- The Washington Times - Tuesday, August 20, 2002

Cowboy logic

"If people want to die hijacking planes, it makes sense to this old cowboy that they die before they get the job done."

Sen. Conrad Burns, Montana Republican, saying he has never encountered a door that couldn't be opened or a pilot who has ever seen an air marshal, which is why, in his opinion, commercial airline pilots should carry firearms in the cockpit.

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A cut above

The world continues in awe of the sudden warrior prowess of Bill Clinton, who vowed in a speech in Jerusalem last month that if "Iraq came across the Jordan River, I would grab a rifle and get in a trench and fight and die." This particularly thrilled his Jewish audience, but the Arkansas Democrat Gazette adds a revealing postscript.

Jim Kennedy, one of Mr. Clinton's spokesmen when you get $250,000 for a speech you need more than one spokesman told the Little Rock newspaper that he could confirm the quotation, but he "does dispute that the ex-president ever said, 'I would do anything for Israel except get a circumcision.'" Lovers, like warriors, have got to stay in fighting trim.

Grieving park

Before leaving on their summer vacation, Congress agreed that it would be appropriate that the Pennsylvania crash site of Flight 93 be designated a unit of the National Park System.

Now, we're told, a 15-member commission is being empaneled and given three years to enact the planning, design, construction and long-term management of a permanent memorial at the Flight 93 site.

Patience is key

In the soon-to-be-published book "Government's Greatest Achievements: From Civil Rights to Homeland Security" (Brookings Institution Press), Washington fellow Paul C. Light identifies Uncle Sam's 25 biggest accomplishments since the close of World War II.

In compiling the list, the author canvassed 220 political scientists and 230 historians. But let's begin with current events.

"As the nation approaches the anniversary of September 11, Americans have good reason to wonder whether the federal government will ever win the war on terrorism," says Mr. Light, who calls the new and dangerous war the "first great endeavor of the new century."

"Yet, those who believe the federal government will fail in its efforts to win the war on terrorism are misreading history," he says. "This is hardly the first tough problem the federal government has tried to solve. Nor is it the first time the public has wondered whether the federal government would get it right."

History, he explains, suggests several factors that distinguish eventual success from failure.

"First, patience is a virtue. Europe was not rebuilt in a day," he says. "Except for the Gulf War, none of the federal government's greatest endeavors of the past half-century was successful in its first year."

Of the 25 greatest achievements of the past 50 years profiled in the book, here are the top 10: rebuilding Europe after World War II; expanding the right to vote; promoting equal access to public accommodations; reducing disease; reducing workplace discrimination; ensuring safe food and drinking water; strengthening the nation's highway system; increasing elderly access to health care; reducing the federal budget deficit; and promoting financial security in retirement.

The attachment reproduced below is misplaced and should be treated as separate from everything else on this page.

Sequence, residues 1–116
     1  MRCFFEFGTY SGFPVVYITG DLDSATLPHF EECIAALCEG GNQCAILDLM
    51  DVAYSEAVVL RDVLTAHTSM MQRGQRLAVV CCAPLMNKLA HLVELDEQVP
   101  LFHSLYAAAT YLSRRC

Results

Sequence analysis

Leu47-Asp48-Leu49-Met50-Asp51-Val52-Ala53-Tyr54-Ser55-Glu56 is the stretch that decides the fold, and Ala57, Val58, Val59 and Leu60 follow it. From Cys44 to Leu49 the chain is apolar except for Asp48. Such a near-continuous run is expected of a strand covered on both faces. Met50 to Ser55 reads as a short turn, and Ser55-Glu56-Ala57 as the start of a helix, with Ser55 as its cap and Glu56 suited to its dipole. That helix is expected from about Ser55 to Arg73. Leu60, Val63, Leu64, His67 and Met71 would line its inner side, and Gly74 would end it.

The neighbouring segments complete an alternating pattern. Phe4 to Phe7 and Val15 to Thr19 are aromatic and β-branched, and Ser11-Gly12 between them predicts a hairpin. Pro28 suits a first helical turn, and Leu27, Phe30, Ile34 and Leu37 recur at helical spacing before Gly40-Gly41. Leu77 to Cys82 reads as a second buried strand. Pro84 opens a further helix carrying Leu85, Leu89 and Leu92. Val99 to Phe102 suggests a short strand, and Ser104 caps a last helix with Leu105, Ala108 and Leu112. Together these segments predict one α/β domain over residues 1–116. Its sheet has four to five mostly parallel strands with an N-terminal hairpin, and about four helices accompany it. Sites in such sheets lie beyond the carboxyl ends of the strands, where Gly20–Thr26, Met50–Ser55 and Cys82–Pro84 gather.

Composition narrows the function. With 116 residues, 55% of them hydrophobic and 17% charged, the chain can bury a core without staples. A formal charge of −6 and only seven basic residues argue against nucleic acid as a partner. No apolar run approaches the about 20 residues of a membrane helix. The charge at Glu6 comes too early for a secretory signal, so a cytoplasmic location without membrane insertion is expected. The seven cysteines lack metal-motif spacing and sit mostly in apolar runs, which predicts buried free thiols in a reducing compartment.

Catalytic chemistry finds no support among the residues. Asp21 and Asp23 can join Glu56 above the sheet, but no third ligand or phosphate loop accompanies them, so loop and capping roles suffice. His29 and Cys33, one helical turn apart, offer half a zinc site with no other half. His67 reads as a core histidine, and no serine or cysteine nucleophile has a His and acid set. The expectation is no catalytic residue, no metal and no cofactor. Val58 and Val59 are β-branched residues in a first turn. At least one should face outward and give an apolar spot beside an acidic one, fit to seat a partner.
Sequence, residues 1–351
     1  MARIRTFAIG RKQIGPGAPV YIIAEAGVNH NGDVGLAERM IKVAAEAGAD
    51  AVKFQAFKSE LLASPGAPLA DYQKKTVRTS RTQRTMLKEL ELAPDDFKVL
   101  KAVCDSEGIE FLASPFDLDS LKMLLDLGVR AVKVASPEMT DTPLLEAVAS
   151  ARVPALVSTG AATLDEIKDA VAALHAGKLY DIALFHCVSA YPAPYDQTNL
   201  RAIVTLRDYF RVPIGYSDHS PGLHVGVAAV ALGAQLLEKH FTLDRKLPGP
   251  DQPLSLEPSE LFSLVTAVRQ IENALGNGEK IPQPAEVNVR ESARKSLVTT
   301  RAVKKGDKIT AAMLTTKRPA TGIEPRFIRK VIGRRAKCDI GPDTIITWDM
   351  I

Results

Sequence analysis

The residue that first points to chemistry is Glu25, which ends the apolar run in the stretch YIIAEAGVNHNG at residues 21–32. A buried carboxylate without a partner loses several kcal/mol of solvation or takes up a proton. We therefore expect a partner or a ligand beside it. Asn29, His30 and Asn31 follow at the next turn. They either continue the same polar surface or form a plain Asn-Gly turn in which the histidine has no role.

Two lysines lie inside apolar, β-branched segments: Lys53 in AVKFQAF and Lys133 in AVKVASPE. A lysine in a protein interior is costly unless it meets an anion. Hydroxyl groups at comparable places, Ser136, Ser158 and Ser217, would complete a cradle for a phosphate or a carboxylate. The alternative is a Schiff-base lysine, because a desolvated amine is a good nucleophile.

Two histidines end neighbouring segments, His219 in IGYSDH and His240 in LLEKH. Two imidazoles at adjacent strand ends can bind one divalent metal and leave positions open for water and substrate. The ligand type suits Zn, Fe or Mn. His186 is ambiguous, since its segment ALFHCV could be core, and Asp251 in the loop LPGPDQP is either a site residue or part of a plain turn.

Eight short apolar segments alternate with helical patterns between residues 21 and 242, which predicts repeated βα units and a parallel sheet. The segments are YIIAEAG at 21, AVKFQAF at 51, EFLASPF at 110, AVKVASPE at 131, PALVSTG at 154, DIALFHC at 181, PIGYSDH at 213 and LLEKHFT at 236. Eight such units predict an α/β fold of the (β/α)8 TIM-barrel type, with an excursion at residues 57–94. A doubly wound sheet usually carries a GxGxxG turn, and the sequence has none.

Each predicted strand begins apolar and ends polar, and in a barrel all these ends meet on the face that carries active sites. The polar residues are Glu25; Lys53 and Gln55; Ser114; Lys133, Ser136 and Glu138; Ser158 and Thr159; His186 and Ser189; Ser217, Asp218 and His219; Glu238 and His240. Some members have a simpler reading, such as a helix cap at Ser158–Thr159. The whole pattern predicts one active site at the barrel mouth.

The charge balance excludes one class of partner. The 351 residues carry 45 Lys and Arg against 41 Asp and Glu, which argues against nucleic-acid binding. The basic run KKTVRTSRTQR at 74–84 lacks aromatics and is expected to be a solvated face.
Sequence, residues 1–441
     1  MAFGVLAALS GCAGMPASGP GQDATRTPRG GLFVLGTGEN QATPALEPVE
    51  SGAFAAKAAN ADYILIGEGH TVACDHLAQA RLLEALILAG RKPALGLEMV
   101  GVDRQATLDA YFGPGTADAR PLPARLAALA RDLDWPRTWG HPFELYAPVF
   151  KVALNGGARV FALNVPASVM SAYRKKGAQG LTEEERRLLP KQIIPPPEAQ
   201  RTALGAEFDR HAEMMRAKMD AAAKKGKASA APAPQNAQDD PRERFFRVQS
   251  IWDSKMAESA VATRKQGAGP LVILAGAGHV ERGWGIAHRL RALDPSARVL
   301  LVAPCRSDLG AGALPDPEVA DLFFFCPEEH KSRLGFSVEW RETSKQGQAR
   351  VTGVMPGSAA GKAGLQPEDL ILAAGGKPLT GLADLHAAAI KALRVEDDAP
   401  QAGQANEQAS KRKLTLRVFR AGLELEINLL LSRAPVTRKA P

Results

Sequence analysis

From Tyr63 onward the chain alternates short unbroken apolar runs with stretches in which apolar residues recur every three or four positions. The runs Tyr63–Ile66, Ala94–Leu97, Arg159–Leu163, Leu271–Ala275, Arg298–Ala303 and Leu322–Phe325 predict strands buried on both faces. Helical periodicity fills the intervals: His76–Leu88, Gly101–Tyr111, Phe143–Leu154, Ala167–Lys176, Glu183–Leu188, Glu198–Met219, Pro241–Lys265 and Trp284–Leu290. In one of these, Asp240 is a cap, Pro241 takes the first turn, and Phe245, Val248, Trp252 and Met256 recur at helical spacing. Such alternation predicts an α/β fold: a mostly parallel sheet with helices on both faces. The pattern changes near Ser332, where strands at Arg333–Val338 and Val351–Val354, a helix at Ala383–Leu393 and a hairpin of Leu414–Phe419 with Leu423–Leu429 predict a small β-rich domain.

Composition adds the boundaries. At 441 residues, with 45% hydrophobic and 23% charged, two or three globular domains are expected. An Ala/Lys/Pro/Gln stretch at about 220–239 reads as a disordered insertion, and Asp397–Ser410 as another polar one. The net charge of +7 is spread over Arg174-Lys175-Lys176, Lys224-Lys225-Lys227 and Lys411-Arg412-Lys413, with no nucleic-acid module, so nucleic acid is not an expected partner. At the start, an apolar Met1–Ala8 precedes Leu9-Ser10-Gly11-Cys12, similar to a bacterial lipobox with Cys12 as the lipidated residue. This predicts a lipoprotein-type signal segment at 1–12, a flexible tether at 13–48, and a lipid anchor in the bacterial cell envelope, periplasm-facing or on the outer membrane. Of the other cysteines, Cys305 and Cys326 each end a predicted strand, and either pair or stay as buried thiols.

Congress 101

Congressional "careerists" are on the wane, fewer incumbents are defeated in general elections and the South and West are increasingly conservative.

These are just a few of the findings culled from the biennial reference work "Vital Statistics on Congress" (2001-2002).

Southern and Western states continue to gain seats with each census, "a trend that has profound implications for the country's partisan alignment," according to authors Norman J. Ornstein of the American Enterprise Institute, Thomas E. Mann of Brookings and Michael J. Malbin of the State University of New York.

"As an increasingly conservative and Republican South and West grow at the expense of a liberal and Democratic Northeast, the balance of power slowly changes," they explain.

In addition, throughout the 1960s, Congress experienced a steady increase in very senior House members "careerists" and a real decline in very junior legislators. Not anymore. Elections in the 1990s dramatically reversed the trend, and now nearly 70 percent of current House members entered Congress in the last decade.

The Senate is hardly different, with 15 new senators elected in 1996, leading to the largest Senate class in more than a decade. "Roughly two-thirds of current senators are serving in a first or second term," the authors note.

"Even though the competition for partisan control of both chambers is exceptionally close, the stability of Congress may be its most important feature," observe the authors. "In no election in the [20th] century did more than 14 percent of the 435 seats in the House change party hands."

Deploying Reagan

Regarding our item yesterday about Rep. James P. Moran, Virginia Democrat, refusing to call Ronald Reagan Washington National Airport by its presidential name, retired U.S. Navy Lt. Cmdr. Steve Watkins writes: "Let's pray that Rep. Moran never has to send the USS Ronald Reagan into battle."

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